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All-Star Award

Where are the Latinos?
  • September 09 2011


“I’m from a place where nobody who made it big ever came back,” says George Lopez of his Mission Hills hometown, a suburb in LA’s San Fernando Valley. Well, not quite nobody. One day, a local athlete who’d made it as a professional baseball player came to an assembly at young George’s school. Lopez has long since forgotten the man’s name, although the message remains indelible: If you believe in yourself and work hard, you can become anything you want. “Nobody in my house had ever told me that,” says Lopez, a comedian whose career is filled with enough successes to prove he more than took the player’s advice to heart.

As a Mexican-American who first came to prominence in 1999 as the host of a morning radio program in LA, Lopez recalls his frustration with the show his had replaced: a broadcast that emulated the Latino voice in a way that was anything but authentic. He remembers thinking at the time: “We don’t need to be mimicked. We need to be hired.”

Between his radio show and his stand-up comedy career, Lopez made a name for himself as an entertainer who could pull from his ethnic background in a way that was fresh and approachable. Before long he’d landed his own sitcom, George Lopez, which ran on ABC for six seasons, and can be seen in reruns on Nick at Nite. The program often drew comparisons to The Cosby Show for its approach, which was to depict characters whose skin tone is mostly inconsequential to the storylines.

The same year that George Lopez went off the air, Lopez was the subject of the documentary Brown Is the New Green: George Lopez and the American Dream. That year he also did his first comedy special for HBO, America’s Mexican, and in 2009, followed up both with a second, Tall, Dark & Chicano. His late-night talk show, Lopez Tonight, debuted on TNT in 2009 and ran until this past August, nine months after losing its plum 11 p.m. time slot to Conan O’Brien.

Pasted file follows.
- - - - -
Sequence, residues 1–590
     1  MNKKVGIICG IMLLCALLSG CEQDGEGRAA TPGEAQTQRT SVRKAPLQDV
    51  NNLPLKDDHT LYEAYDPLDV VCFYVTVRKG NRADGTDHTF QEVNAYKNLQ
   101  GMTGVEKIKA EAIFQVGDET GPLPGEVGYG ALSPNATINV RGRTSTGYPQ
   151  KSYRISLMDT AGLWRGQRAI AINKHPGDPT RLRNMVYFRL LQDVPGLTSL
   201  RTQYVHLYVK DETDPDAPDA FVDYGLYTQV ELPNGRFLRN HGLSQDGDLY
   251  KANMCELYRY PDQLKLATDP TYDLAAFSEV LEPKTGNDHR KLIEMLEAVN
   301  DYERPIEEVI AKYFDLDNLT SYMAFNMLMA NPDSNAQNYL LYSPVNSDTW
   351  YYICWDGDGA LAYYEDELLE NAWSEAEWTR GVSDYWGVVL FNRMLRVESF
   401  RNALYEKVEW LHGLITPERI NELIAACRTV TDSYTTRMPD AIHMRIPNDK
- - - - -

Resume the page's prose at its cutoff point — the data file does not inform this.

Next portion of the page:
Despite the cancellation of Lopez Tonight, Lopez looks forward, not backward. He’s particularly happy knowing that he’s helped pave the way for others. “When I began doing this, it was really just Paul Rodriguez and me,” he says. “Now, there are a thousand Latino comics—both male and female.” Along with actress and friend Eva Longoria, he’ll express plenty of Latino pride when the two celebrities co-host the ALMA Awards, which will be broadcast the very same weekend he accepts his AdColor All-Star award. “We are more together now than we’ve ever been,” Lopez says of his Latino peers. “It’s something we’ve often struggled with, but now we’re no longer looking at each other as competitors.”

And yet, when it comes to reflecting diversity, the media business has many miles to go, says Lopez. Although he cites banking and the auto business as industries that have done a particularly good job of including Latinos in their ads, he says that those sectors are the exceptions. “I give my money to companies that show faces besides just black and white ones,” he says, adding that any company that neglects the massive purchasing power of Hispanic Americans is missing a great opportunity. “Latinos love to buy things with cash,” he says. “You’d think that would ignite the advertising.

“There are football players in commercials who haven’t actually played the game for ten years,” he grouses, wondering why a retired sports star would be made a spokesperson before a Latino personality with far more current credentials. “This is a ship that’s been sailing since television was invented,” Lopez says of the lack of Hispanic faces on the airwaves. “It’s tough to make a change.”
But even at a less-than-ideal pace, change is coming, Lopez believes. “We’re heading toward a oneness that will eventually win over whatever divides people have. As a country we can always do better, but we are doing okay.”

As for his AdColor honor, Lopez is happy to be in such esteemed company. “I admire so many people who have received this award,” he says. What is particularly exciting for the actor is that the organization’s philosophy is so in sync with his own. “When I’m judged at the end of my life, I want to be remembered as someone who wanted other people to see what the world really looks like, how great it is that everybody is in the same rainbow, the same picture.

“That’s always been my vision,” says the performer. “And this award lets me know I’m on the right path.”